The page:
August 01, 2012
This is an excerpt from Chapter One of The Angry Buddhist. Purchase the book here.
Jimmy glances to where Hard Marvin is standing, behind the candidate. Sees the man looking at Mary Swain with the combination of awe and lust that seems to be the effect she has on males predisposed to her philosophy of a muscular military and no taxes. Notices Hard is fiddling with his wedding ring like he wants to take it off. Imagines the Chief is going tantric on Mary Swain in his head as he stands at attention behind her and the thought nearly makes him laugh.
Jimmy believes himself to be immune to the candidate’s charms. Mary Swain reminds him of the popular girls back in high school, batting eyelashes and sweet poison tongues. It’s not that he dislikes her actively, other than in the way he dislikes all politicians, the hurly-burly of government not something to which he pays much attention. Whenever he bothers to listen to a politician, it all runs together. America’s Future, God, My Opponent is against what you love. And Mary Swain seems a little angry, which is something to which Jimmy does not respond well. He notices the crowd today has become angry, too, and Mary Swain feeds off them as she launches into her closing, draws herself up to her full height—five foot nine in heels—and exhorts them to take back the government from the socialists and atheists and all the un-patriotic operators who have betrayed their sacred trust because our best days are in front of us and if they vote for her it will be morning in America again and our nation will reclaim it’s destiny as a beacon in a darkening world.
God bless you, God bless our troops, and God bless the U.S.A!
Jimmy remains in his position near the riser as the rally breaks up. He has nowhere to go, figures he’ll see if Hard spots him and whether Hard will say anything if he does. Mary Swain shaking hands with the sweaty crowd, people taking her picture, shouting encouragement. Jimmy watching Hard at her side, the sun glinting off his shiny head, shaking hands, too, smiling, backslapping; working it like someone with something to prove, someone who wants to matter. A few minutes go by, Jimmy standing his ground, Mary and Hard still pumping hands. Most of the throng has drifted back to their cars, but there’s still a scrum of diehards near the front who need their personal hit of the magic.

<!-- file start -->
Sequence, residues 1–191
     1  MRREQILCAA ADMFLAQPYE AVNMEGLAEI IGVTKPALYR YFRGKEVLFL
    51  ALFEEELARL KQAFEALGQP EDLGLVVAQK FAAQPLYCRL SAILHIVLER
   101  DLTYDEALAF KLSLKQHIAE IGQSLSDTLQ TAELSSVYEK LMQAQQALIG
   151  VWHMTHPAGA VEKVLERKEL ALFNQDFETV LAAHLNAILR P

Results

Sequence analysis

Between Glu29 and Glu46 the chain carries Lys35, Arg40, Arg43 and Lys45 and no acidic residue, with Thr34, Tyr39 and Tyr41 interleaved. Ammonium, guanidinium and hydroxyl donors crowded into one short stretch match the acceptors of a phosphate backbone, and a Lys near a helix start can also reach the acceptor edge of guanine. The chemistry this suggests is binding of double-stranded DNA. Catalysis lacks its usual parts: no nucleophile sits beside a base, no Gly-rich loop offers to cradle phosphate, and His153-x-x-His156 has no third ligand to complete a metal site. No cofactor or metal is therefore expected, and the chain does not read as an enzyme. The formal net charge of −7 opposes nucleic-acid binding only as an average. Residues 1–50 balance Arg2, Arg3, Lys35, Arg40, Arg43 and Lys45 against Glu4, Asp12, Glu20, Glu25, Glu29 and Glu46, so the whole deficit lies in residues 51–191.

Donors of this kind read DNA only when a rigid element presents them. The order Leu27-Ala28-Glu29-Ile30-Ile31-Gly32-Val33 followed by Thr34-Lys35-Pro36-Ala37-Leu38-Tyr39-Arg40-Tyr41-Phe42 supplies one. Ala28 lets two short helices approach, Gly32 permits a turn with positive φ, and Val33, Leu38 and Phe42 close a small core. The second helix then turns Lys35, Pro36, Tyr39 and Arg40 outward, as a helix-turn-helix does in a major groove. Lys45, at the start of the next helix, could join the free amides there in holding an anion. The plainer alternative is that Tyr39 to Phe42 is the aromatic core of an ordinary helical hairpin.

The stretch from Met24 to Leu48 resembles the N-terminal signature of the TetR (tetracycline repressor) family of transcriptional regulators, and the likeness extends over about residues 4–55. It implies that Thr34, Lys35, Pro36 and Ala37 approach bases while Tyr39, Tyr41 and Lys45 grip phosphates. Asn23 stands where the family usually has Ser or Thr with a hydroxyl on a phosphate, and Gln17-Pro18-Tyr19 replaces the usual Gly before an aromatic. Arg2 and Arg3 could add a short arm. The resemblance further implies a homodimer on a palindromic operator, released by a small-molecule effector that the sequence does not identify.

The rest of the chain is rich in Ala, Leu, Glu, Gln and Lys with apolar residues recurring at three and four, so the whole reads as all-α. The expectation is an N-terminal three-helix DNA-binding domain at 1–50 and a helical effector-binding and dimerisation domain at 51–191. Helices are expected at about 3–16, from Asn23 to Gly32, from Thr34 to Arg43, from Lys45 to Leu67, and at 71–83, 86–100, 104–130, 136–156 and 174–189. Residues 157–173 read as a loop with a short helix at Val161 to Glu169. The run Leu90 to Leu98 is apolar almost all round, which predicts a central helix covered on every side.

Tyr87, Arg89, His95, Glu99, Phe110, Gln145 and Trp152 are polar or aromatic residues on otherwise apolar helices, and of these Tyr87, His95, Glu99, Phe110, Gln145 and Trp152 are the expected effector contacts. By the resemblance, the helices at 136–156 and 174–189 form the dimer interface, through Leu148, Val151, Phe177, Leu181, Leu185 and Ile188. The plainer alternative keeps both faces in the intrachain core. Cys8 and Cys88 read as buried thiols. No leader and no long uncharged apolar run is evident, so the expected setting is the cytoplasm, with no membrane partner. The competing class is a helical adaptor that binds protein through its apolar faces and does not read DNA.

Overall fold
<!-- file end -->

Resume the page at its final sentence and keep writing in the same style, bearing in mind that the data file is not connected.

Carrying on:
Jimmy’s waited long enough, pushes in, elbows through. Hard spots him and his smile freezes in a rictus of alarm. The Chief’s right hand drops to his sidearm, a Glock 9, Jimmy realizing the man thinks I might be a shooter. And he’s a little disappointed, his feelings hurt, because Hard, who knows him for godsakes, believes the slightest possibility exists that he could go Lee Harvey Oswald on Mary Swain. Jimmy wondering if Hard is actually going to make a move toward him but the big Chief holds his position. Mary Swain gripping the hand of a retiree in a Hawaiian shirt and a tan baseball cap with gold stitching that reads U.S.S. Ronald Reagan, the man trembling with excitement and gratitude. Then Jimmy thrusts his right hand out and the candidate takes it in hers.
“Good luck, Mary,” Jimmy says, holding his left hand away from his body where his ex- boss can see there’s no weapon in it.
“I hope I have your vote,” she says, her white teeth blinding.
“Oh, sure,” Jimmy says. He notices the slim hand with the French manicure, smells her cocoanut sunscreen. Up close, the visceral Mary Swain Experience ignites. Jimmy lets go and just breathes her in for a brief moment, the hair, the perfect skin, and that infinite smile.
Then blink she moves down the line, and Jimmy snaps out of it instantly. Now he and Hard are face to face for a moment full to bursting and he thinks, yes, people these days are gun-toxicated and ready to rock and he knows Hard knows it, sees him twitch, the man already wound tight as a blasting cap, ready to explode, and Jimmy, with the inborn mischief of a guy who doesn’t know how to stay out of trouble, can’t help himself. So he winks. In that moment he senses the other man’s discomfort and revels in his own enjoyment at having caused it. Jimmy cares how Hard reacts. Wishes he didn’t but, yes, he cares. He is still a prisoner of the idea that any of this matters. He understands this kind of delusion is not the way of the dharma. By his reaction to Hard Marvin, Jimmy knows that freedom from suffering is not imminent. Yet he yearns for freedom. And what is more American than that?